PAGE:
Anyone who's spent much time in a machine shop will be familiar with the hardware commonly used for work-holding and fixtures on a machine tool. In particular, the flange nut is a common item used with strap clamps and other work-holding devices. TeCo is a well-known manufacturer of these items.
I just happened to be shopping for some of these flange nuts for a fixture and noticed that some of these are specified as being made from 12L14 (leaded steel). This detail is not buried in the data sheet, but appears where I would interpret it as a feature, meaning a purchaser might have reasons for choosing one in this material, as opposed to one in a stronger steel for example.
My question is why 12L14 might be a preferred material in this application. I've understood leaded steels to be free-machining, which would make manufacturing easier (although making the part non-weldable), but I can't imagine that would be a driving factor in high-volume parts like this and in any case wouldn't rise to the level of a feature to be advertised if that were all it was.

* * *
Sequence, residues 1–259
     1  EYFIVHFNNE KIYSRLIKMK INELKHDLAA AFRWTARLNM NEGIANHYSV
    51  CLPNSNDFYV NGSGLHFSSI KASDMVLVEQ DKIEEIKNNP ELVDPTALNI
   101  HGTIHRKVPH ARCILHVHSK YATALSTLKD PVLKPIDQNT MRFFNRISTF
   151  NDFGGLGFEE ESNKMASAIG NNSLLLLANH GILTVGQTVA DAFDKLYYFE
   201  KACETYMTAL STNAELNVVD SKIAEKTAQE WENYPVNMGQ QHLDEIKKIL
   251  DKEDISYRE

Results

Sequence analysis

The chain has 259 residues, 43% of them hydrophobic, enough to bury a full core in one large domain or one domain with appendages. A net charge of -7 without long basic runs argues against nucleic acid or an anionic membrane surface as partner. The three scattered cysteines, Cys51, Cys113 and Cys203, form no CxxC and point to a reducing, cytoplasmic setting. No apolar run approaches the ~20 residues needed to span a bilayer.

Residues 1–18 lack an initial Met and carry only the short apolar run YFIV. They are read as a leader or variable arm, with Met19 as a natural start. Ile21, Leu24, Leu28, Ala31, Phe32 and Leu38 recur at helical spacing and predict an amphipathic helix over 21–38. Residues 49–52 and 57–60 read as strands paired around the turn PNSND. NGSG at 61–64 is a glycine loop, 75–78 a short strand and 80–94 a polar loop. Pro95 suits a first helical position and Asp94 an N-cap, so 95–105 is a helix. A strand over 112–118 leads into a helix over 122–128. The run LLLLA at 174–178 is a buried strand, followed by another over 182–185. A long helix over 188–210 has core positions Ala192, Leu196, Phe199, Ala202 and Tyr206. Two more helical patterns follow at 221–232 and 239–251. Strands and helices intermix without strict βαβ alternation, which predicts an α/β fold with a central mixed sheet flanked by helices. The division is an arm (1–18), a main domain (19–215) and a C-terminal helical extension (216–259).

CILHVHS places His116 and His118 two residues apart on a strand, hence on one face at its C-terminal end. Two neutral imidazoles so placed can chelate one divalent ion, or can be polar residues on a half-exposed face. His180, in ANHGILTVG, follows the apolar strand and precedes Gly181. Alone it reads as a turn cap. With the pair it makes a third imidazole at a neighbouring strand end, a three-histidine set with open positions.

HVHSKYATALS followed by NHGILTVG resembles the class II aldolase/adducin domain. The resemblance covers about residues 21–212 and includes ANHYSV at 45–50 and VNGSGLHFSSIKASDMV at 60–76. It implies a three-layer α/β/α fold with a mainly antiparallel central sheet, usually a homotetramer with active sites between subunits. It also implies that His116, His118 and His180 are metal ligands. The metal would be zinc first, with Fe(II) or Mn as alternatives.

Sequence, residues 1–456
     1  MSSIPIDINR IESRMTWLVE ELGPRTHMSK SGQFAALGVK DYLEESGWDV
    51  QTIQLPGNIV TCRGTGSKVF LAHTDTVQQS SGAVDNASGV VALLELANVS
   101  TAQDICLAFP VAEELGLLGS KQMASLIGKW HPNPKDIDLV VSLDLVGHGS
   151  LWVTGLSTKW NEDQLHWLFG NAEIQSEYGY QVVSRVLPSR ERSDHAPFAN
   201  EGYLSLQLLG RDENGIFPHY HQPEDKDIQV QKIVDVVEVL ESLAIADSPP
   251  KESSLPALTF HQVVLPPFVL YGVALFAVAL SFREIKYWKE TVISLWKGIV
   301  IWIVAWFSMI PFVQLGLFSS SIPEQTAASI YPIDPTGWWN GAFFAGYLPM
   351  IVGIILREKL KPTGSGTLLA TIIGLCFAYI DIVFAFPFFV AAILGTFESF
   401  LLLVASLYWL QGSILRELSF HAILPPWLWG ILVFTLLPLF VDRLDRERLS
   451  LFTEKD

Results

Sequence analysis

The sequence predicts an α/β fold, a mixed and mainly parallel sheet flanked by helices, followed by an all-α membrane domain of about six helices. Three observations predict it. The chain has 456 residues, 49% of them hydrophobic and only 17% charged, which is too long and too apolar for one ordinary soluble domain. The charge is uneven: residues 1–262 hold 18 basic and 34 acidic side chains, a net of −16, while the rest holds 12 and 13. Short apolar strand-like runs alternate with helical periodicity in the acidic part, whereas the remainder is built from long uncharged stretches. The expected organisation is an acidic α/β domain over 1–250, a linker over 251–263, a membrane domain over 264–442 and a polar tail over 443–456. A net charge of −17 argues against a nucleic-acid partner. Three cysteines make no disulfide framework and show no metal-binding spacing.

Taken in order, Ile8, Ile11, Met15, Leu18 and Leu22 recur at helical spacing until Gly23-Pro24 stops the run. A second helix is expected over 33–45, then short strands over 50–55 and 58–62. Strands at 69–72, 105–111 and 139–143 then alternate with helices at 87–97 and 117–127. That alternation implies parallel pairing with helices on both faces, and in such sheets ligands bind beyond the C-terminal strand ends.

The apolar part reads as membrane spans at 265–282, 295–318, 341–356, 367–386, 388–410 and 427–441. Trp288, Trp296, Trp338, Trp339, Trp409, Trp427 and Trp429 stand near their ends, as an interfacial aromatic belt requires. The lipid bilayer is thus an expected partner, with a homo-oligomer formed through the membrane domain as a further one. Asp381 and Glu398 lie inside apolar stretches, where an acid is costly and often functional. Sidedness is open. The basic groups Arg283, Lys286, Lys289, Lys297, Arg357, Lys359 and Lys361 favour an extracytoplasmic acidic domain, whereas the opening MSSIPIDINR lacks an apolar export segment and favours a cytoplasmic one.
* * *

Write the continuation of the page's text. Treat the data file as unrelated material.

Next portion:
I have two theories:
- The lead in 12L14 somehow increases the lubricity of the fastener, making it less likely to bind (or perhaps gall) in a frequently used fastener like one in a manufacturing fixture.
- Lower tensile strength (although not that much lower) is a plus, because if over-tensioned, it's better for the fastener to give than the t-slots machined into an expensive machine table.
Can anyone enlighten me?